ARlogo Annu. Rev. Astron. Astrophys. 2013. 51: 207-268
Copyright © 2013 by Annual Reviews. All rights reserved

Reprinted with kind permission from Annual Reviews, 4139 El Camino Way, Palo Alto, California, USA

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THE CO-TO-H2 CONVERSION FACTOR

Alberto D. Bolatto 1, Mark Wolfire 1 and Adam K. Leroy 2


1 Department of Astronomy, University of Maryland, College Park, MD 20742
2 National Radio Astronomy Observatory, Charlottesville, VA 22903


Abstract: CO line emission represents the most accessible and widely used tracer of the molecular interstellar medium. This renders the translation of observed CO intensity into total H2 gas mass critical to understand star formation and the interstellar medium in our Galaxy and beyond. We review the theoretical underpinning, techniques, and results of efforts to estimate this CO-to-H2 "conversion factor," XCO, in different environments. In the Milky Way disk, we recommend a conversion factor XCO = 2 × 1020 cm-2(K km s-1)-1 with ± 30% uncertainty. Studies of other "normal galaxies" return similar values in Milky Way-like disks, but with greater scatter and systematic uncertainty. Departures from this Galactic conversion factor are both observed and expected. Dust-based determinations, theoretical arguments, and scaling relations all suggest that XCO increases with decreasing metallicity, turning up sharply below metallicity approx 1/3 - 1/2 solar in a manner consistent with model predictions that identify shielding as a key parameter. Based on spectral line modeling and dust observations, XCO appears to drop in the central, bright regions of some but not all galaxies, often coincident with regions of bright CO emission and high stellar surface density. This lower XCO is also present in the overwhelmingly molecular interstellar medium of starburst galaxies, where several lines of evidence point to a lower CO-to-H2 conversion factor. At high redshift, direct evidence regarding the conversion factor remains scarce; we review what is known based on dynamical modeling and other arguments.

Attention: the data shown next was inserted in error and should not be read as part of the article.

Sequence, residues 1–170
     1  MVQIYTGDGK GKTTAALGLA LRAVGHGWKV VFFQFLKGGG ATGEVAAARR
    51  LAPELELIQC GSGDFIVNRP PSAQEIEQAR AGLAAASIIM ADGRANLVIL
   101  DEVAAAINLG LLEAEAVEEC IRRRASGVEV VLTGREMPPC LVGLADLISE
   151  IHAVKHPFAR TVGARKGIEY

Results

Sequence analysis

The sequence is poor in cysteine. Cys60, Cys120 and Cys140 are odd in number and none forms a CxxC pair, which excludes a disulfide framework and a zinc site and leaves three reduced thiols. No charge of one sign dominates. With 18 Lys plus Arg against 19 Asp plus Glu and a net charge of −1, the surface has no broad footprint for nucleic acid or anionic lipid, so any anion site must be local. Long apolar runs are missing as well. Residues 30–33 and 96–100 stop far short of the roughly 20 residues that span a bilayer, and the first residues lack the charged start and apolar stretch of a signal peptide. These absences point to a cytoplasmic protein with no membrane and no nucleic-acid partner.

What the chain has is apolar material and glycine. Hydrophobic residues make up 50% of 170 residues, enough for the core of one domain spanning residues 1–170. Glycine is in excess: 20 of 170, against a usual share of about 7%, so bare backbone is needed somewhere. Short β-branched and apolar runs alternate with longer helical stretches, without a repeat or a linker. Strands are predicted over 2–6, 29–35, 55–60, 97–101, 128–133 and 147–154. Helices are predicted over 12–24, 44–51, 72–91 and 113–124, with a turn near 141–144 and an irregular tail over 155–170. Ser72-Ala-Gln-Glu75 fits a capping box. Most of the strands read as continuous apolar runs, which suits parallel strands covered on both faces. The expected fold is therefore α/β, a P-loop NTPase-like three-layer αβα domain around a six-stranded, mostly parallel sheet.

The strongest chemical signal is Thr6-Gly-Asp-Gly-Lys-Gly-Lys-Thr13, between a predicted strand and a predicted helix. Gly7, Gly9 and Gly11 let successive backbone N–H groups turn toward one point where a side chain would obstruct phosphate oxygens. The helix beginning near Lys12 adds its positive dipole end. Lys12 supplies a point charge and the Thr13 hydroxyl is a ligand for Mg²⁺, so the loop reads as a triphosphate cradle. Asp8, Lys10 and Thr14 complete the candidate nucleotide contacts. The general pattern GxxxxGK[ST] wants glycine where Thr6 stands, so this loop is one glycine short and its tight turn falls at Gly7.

Keywords: ISM: general — ISM: molecules — galaxies: ISM — radio lines: ISM


Table of Contents

INTRODUCTION
Brief Historical Perspective
CO Excitation

THEORETICAL BASIS
Giant Molecular Clouds
Galaxies
Other Sources of Velocity Dispersion
Optically Thin Limit
Insights from Cloud Models

A MODERN THEORETICAL PERSPECTIVE
Photodissociation Regions
Numerical Simulations

XCO IN THE MILKY WAY
XCO Based on Virial Techniques
Column Density Determinations Using Dust and Optically Thin Lines
XCO Based on Gamma-Ray Observations
Synthesis: Value and Systematic Variations of XCO in the Milky Way

XCO IN NORMAL GALAXIES
Extragalactic Virial Mass Estimates
Extragalactic Dust-Based Estimates of XCO
Extragalactic Spectral Line Modeling
Synthesis: XCO in Normal Galaxies

XCO AT LOW METALLICITIES
Theoretical Expectations for Low Metallicity Gas
Metallicity-Dependent Calibrations of XCO

XCO IN STARBURSTS AND OTHER LUMINOUS GALAXIES
Luminous Infrared Galaxies
Ultraluminous Infrared Galaxies
Synthesis: XCO in Starbursts

XCO AT HIGH REDSHIFTS
Observed CO Line Ratios
Estimates of XCO in High Redshift Systems
Synthesis: XCO at High Redshift

CONCLUSIONS AND OPEN PROBLEMS
Toward a Single Prescription

REFERENCES

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